Factors contributing to obesity

Obesity is neither a cosmetic issue nor a psychological problem. It is very important for our patients to understand that obesity is a CHRONIC PROGRESSIVE MEDICAL DISEASE. Our understanding of obesity, energy metabolism and weight control has greatly evolved over the past few years. We now understand that many hormones control body weight and obesity is the result of an imbalance in these complex hormonal systems.

Therefore, obesity is no longer viewed as a consequence of over-eating, self-indulgence or lack of self-control. Rather, obesity is the result of multiple environmental and genetic factors that disrupt a variety of hormonal systems that control body weight and energy metabolism. The disruption of these hormones results in the progressive body fat accumulation.

It is important to know that diet and exercise, unlike weight loss surgery, are less likely to restore the underlying hormonal disruption that has led to obesity in the first place. Accordingly, overweight patients who loose excess weight by decreasing calorie intake, or increasing calorie expenditure through exercise, tend to regain their lost weight. This cyclical weight loss and regain also known as yo-yo diet is not only counterproductive but also harmful. It leads to frustration, disappointment and guilt feeling. Some studies have suggested increased risk of stroke and hypertension.

At Houston Weight Loss Surgery Center, we recommend changing your eating habits in a reasonable, realistic and intelligent fashion to avoid the yo-yo dieting effect. We emphasize to our patients the importance of changing what and when they eat before simply decreasing their total daily calorie intake.

Not all calories are created equal and the first step towards healthy living and weight loss is eating clean food. Our patients are asked to stop completely all form of processed food like potato chips and candies. Patients are encouraged to avoid restaurants and to start cooking at home. Second, patients are asked to stop skipping meals and to front load their calories in the morning while decreasing the amount of food consumed at night. Calories consumed towards the end of the day and at night tend to accumulate as body fat. Calories consumed in the morning boost our metabolism and are burnt during the day. Third, we ask our patients to decrease their meal carbohydrate content while increasing their consumption of lean protein and good fats like avocados and nuts. Lean protein and healthy fats increase satiety, curb excessive appetite, and increase metabolism especially the setting of insulin resistance.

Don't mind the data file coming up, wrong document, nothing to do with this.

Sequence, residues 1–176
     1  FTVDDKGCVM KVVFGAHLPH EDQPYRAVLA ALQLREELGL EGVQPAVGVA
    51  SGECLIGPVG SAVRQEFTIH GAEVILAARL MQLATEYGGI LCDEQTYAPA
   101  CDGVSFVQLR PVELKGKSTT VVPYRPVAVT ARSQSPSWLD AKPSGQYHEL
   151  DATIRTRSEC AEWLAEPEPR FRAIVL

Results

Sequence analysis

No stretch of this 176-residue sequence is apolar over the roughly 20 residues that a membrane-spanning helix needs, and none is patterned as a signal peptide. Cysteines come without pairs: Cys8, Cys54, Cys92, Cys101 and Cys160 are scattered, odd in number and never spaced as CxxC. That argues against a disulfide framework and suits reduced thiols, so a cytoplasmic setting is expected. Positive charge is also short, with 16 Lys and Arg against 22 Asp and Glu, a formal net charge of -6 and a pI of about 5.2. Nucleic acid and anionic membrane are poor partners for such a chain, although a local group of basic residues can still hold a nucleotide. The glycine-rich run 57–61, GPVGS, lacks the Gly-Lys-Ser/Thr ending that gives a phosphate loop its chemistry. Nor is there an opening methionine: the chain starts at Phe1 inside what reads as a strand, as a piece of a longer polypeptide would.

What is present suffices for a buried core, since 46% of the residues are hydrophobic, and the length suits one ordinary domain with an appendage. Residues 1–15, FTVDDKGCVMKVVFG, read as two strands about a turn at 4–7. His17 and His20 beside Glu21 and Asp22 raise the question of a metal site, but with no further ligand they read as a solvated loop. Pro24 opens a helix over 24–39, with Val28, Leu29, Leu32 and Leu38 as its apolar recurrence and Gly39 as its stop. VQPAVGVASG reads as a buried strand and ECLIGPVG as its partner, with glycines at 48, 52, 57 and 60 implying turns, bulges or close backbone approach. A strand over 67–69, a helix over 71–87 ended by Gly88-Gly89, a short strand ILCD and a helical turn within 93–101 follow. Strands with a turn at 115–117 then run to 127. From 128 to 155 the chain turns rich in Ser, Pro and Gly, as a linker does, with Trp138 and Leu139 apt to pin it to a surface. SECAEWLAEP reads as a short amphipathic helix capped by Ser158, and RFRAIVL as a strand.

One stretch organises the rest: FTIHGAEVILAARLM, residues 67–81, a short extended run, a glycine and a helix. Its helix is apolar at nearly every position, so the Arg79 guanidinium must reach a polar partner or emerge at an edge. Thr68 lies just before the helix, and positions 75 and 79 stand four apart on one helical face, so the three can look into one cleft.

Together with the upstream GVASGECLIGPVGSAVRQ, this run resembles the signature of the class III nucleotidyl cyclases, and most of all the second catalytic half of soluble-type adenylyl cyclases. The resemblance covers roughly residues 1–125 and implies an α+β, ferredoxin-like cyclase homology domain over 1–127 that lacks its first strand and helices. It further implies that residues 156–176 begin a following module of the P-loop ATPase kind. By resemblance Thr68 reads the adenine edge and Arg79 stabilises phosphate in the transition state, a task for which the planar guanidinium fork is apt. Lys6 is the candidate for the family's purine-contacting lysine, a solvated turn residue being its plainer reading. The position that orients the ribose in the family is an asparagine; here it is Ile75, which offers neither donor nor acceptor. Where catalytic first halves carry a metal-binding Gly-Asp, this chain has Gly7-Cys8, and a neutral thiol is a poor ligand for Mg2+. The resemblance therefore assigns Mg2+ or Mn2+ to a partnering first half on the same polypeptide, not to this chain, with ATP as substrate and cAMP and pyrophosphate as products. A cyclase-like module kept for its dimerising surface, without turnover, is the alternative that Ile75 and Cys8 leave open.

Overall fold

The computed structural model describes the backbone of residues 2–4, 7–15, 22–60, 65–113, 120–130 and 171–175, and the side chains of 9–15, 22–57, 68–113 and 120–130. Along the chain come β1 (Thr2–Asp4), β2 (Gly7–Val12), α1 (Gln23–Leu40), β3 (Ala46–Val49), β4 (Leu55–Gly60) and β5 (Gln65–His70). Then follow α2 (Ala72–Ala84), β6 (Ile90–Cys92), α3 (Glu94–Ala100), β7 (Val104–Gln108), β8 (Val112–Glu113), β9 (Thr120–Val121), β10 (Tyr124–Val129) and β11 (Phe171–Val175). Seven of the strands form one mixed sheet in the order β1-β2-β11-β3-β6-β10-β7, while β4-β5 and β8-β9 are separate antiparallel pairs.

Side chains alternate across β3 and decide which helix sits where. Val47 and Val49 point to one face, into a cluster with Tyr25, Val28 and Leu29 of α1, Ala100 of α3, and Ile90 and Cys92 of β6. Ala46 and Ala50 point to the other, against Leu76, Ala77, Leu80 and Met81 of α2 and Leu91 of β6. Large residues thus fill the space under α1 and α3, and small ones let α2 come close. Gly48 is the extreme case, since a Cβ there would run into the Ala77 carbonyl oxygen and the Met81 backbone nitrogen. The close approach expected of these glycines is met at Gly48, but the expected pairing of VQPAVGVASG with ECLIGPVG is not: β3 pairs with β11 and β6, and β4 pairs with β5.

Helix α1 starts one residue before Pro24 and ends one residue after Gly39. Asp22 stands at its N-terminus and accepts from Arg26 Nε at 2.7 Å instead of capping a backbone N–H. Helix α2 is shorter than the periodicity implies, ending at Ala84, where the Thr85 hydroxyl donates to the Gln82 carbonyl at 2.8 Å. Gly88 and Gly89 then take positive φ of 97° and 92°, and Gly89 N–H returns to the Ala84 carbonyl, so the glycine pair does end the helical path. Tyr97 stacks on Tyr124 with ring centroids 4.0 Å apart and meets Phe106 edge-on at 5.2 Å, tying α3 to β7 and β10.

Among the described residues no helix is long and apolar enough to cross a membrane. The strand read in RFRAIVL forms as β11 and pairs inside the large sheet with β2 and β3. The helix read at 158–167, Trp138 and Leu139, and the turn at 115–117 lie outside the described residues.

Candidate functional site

Once these recommendations are followed, patients are asked to start reducing their total daily calorie intake. Keeping a calorie count, paying attention to hunger cues and avoiding eating for comfort and out of boredom further promote durable weight loss.

Endocrine disease

  • Hypothyroidism
  • Cushings syndrome
  • Growth hormone deficiency
  • Polycystic ovarian disease

Mental & Physical Disability

Mental

  • Schizophrenia
  • Downs syndrome
  • Mental illness
  • Learning disabilities
  • Eating disorders

Physical Disability

  • Greatly reduced activity levels (eq. Wheelchair bound)
  • Combination of difficulties in regulating food intake and energy output

Social Factors

  • Reduction in exercise
  • Sedentary lifestyle
  • TV
  • Computer games
  • Sedentary jobs
  • Pregnancy – may eat more or erratically

Genetic Factors

  • Prader – Willi syndrome
  • Other dyndromes
  • Leptin deficiency
  • Other defects and deficiencies

Environmental Factors

  • Advertising and marketing of high density foods and soft drinks
  • Social deprivation
  • Lifestyle changes, more cars, etc

Behavior Factors

  • Consumption of fast food
  • Consumption of processed foods
  • High fat diets
  • Snacking
  • Alcohol consumption
  • Weight gain associated with smoking cessation
  • Disorganized eating patters and eating disorders
  • Drug use